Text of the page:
My Pack Loadout

There is one major question, I get asked all the time when hiking with M. In fact, I get asked it so much I have a standardized the answer to encumber answers to the next several questions that are highly likely to be asked. The most asked question is **drum roll**

How much does your pack weigh?

My answer – My pack weighs between 40 to 45 pounds. It depends on length of the hike, the season, the weather and the weight of M.  M weighs between 30 to 32 pounds.

So, how did I come up with 40 to 45 pounds. Well, as stated M weighs between 30 to 32 pounds. Yes, I weigh her, bi-weekly during hiking season. My only purpose for this to make help make sure my pack states under 45 pounds (per the specs requirement for my pack). By knowing her weight and the weight of water I’m carrying makes it rather easy to pack everything else.

I carry two sources of water. One is a 2 liter Camelbak, which weighs approximately 4.4 pounds. The second is a 1.5 liter Camelbak, which weighs approximately 3.3 lbs that is for M. The great thing about water is that it will be used and my pack gets a wee-bit lighter as I go. But, if needed at huts the water will be partially or completely refilled.  This means at maximum I carry about 7.7 lbs of water.

Let’s calculate that, so you don’t have to break out the calculator, break out the pen and paper or think too hard. I know its been a rough week. 🙂  The weight of M and the weight of water means I carry 37.7 to 39.7 lbs. That leaves me with a remaining weight of 5.3 to 7.3 lbs.

The inside my pack are the items below:

  • 2 to 3 diapers and wipes
  • Plastic bag for dirty diapers
  • long sleeve shirt for M
  • Rain/wind jacket for M
  • Long hiking pants for M (used as backup)
  • Cold weather hat for M (used when its windy)
  • Extra Socks for M (used as backup or if needed as gloves for unexpected weather change)
  • Toddler Medkit
  • Snacks for M and I (homemade trail-mix & bars which is normally carried in my cargo or front pocket)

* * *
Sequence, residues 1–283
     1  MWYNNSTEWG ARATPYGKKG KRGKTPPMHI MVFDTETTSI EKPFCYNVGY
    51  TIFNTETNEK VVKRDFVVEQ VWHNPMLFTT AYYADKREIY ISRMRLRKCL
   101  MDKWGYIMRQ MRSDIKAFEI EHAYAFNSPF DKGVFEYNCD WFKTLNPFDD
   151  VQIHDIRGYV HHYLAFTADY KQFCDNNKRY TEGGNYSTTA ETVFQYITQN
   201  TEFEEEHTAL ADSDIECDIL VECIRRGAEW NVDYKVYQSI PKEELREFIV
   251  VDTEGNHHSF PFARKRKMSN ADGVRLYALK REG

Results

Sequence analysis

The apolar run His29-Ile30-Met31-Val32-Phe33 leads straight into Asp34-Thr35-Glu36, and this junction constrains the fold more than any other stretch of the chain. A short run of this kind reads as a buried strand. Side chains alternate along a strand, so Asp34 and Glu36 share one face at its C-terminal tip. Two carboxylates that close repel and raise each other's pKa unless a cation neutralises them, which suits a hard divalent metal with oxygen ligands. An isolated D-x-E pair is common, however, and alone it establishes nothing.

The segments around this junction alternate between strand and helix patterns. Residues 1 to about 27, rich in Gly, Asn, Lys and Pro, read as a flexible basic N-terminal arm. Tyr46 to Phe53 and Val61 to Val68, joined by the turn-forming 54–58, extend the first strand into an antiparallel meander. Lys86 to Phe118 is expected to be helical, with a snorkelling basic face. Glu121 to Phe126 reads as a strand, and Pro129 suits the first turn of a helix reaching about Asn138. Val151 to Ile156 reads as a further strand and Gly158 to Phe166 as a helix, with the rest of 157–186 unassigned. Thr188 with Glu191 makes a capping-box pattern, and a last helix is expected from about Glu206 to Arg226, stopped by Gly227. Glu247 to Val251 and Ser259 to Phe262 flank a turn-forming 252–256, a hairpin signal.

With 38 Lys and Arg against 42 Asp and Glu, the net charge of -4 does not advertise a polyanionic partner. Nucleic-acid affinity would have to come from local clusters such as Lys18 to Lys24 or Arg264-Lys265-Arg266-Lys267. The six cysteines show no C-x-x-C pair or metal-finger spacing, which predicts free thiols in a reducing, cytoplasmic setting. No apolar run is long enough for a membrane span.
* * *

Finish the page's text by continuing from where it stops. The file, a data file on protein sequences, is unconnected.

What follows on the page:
• Snack cup
  • Long sleeve shirt for me
  • Rain/wind jacket for me
  • Extra socks for me
  • Medkit for myself
  • Rain/Wind cover for pack
  • Orange Trail Marking Tape
  • Waterproof matches

That is the standard items that HAVE TO come along. The only items that may which to J’s pack is my long sleeve shirt, rain/wind jacket and extra socks.  Again, during the colder season, which for M since she is not moving most of the time really starts towards the end of August/beginning of September. And that is subject to change when hiking the White Mountains. Why, simply because it snowed this year in June. As I always say, being prepared is what is most important and half the battle.

The accessory items (i.e. connected to my pack in a handy location) are as follows:

  • Chap stick (which is 99% of the time is in my front zip pocket)
  • Sunblock
  • Special Ops 6″ tactical knife with pouch (Thank you to J for the lessons in uses and how to use)
  • Emergency whistle
  • Mirror for M
  • Old Fashion compass
  • Map (which is 99% of the time is in my cargo pocket in a waterproof protector)
  • Flashlight

And that folks sums it up. Surprisingly, your clothes and items do not add that much extra weight, but it still counts towards the total weight.

No matter what my pack always always carries emergencies items for M and I. That’s for injuries, unexpected people or animal attack and separation from J. We never want anything to happen, but we rather be prepared for it then be “up sh*ts creek without a paddle”.

And if you are wondering, we have taken a well-used hiking trail in Virginia that we played a real game of “hide and get moving” from a Black Bear. We actually could feel the impact tremors from the Bear’s paw striking the ground and hear the bear growl which means “Exit, stage left or be lunch”. No matter where you go for hiking, remember you are on their land, their territory and its best to respect that, but be prepared.

 

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Author: MamaTrek

I'm a runner, hiker, mother, wife and owner of two wonderful German Shepherds. I have been hiking with my daughter since she was 6 months old. She has summited 25 mountains over 4,000ft, including Mt. Washington in NH. I've have ran over a dozen half marathons and numerous shorter distance. I have taken my little one on many long distance training runs. Some where between all that I graduated with a BSBA in Marketing, Management and Information Technology.

One thought on “My Pack Loadout”

  1. My hats off to you. Even when I did the Pemi Loop, tent, sleeping bag and pad, extra layers, food for three days, full 3 liter hydration bladder, camera, two lenses and tripod, plus misc extras, I don’t think my pack hits 45 lbs. Probably closer to 35.

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